Saturday, August 5, 2017

Names without limits

As new parents become more and more creative with naming their infants, some relying on familiar names while others inventing ones they like and still others borrowing famous ones, I wonder, should there be some guidelines on what is acceptable? If so, how do we reconcile freedom of choice with the specter of Big Brother?

What is to prevent a parent from naming his son Adolf Hitler Jones or Lee Harvey Oswald Smith?  Is it fair to the child to be saddled with such a name?  Or wacky names like Spaghetti, States Rights, and Kyrie (seen recently in the media)?

The French, always careful to preserve their heritage in language and culture, have long legislated such things, to the horror of many Americans. Apparently, the practice goes back to the French Revolution, when children where given political names (Rights of Man, etc.), leading Napoleon in 1803 to declare that French babies could only be named after the saints; this was later amended to included classical and historical names (Hercule, Diana, etc.). This remained in effect until 1966, when the laws were relaxed a bit.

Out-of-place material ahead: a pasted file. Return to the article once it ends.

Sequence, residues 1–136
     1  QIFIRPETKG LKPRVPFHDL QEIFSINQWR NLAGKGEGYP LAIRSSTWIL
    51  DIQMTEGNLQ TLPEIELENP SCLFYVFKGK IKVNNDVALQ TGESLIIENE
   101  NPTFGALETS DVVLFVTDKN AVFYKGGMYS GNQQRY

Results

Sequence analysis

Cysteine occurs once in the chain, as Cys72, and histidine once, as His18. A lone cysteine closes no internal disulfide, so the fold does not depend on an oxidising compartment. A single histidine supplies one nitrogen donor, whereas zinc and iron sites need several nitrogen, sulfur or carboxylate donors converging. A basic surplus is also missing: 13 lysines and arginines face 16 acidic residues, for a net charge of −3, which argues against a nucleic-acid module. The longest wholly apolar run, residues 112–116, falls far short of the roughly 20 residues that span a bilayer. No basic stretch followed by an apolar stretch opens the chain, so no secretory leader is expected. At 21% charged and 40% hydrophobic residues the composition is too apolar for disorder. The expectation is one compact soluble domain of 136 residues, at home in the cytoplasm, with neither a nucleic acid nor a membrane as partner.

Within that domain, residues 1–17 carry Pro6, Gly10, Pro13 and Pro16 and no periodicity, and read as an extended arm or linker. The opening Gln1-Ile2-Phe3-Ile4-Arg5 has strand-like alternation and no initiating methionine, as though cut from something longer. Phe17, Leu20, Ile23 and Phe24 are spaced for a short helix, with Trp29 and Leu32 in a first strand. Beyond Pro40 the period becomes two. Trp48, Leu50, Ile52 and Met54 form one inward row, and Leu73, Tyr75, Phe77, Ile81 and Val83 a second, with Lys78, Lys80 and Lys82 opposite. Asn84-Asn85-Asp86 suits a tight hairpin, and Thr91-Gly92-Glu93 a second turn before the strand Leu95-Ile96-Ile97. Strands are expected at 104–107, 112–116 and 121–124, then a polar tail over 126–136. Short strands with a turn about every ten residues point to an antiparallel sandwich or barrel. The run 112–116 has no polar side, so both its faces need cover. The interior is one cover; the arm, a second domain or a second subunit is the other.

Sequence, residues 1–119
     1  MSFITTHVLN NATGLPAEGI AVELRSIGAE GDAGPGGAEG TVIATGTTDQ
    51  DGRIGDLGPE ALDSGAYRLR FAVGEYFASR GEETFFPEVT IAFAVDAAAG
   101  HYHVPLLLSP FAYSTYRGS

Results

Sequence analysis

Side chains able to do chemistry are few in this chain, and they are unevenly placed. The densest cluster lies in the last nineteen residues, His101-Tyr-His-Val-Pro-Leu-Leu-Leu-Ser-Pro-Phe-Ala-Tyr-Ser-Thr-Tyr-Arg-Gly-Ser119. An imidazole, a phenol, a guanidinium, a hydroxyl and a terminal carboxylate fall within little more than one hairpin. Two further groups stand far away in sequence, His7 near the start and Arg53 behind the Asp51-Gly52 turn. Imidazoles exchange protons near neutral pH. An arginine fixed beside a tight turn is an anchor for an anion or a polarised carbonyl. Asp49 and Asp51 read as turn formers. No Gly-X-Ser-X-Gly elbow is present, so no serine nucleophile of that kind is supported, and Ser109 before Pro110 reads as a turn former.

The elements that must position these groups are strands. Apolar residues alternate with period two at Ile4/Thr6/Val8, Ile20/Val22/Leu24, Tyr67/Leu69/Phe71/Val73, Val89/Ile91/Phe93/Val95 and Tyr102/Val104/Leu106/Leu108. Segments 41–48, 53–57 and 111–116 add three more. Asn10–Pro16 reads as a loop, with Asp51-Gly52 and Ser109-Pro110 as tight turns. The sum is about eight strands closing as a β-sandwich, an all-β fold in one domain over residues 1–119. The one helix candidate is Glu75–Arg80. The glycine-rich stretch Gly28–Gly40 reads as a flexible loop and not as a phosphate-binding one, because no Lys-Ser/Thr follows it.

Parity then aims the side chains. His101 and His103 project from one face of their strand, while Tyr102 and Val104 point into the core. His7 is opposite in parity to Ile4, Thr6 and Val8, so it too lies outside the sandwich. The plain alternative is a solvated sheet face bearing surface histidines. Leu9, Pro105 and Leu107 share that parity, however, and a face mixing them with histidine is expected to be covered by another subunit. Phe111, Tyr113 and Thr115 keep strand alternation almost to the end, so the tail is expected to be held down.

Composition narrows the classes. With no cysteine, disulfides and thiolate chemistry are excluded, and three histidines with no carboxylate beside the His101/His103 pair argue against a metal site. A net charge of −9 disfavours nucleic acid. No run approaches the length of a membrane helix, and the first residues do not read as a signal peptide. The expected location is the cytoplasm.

But, as Lauren Collins reports in the current New Yorker, a government registrar in France today is required to accept any name (mon Dieu!) EXCEPT one that might not been in the child's best interest, in which case the naming is referring to a magistrate from the Department of Justice.   Recent rulings include such statements:  Fanciful, ridiculous names are likely to create difficulties and embarrassments for the child. So the government has suppressed such names as Happy, Nutella, and Prince-William, which must be replaced by names like Roger or Raymond.

Many here, in the land of individualism, where the "nanny state" is loathed, are likely to storm the equivalent of the Bastille and file suit, demanding their rights to use whatever name they conjure up from films, books, or their own imaginations for any new baby.

I do pity the child sometimes, who must, at age 21 or so, go through the legal process of changing Reality Game Johnson or Barefoot Soles to something more mainstream. But, if everyone had a Tom, Dick, or Jane kind of name, how bland the world would be.  So I'm all for freedom while still  admiring the standards maintained by the French, even if they seem like a relic of another age.

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